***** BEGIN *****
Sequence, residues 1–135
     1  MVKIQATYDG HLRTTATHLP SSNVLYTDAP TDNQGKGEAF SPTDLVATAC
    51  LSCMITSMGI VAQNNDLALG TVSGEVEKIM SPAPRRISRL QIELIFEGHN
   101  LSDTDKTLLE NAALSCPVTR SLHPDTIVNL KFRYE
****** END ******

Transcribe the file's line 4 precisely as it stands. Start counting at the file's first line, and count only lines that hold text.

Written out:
   101  LSDTDKTLLE NAALSCPVTR SLHPDTIVNL KFRYE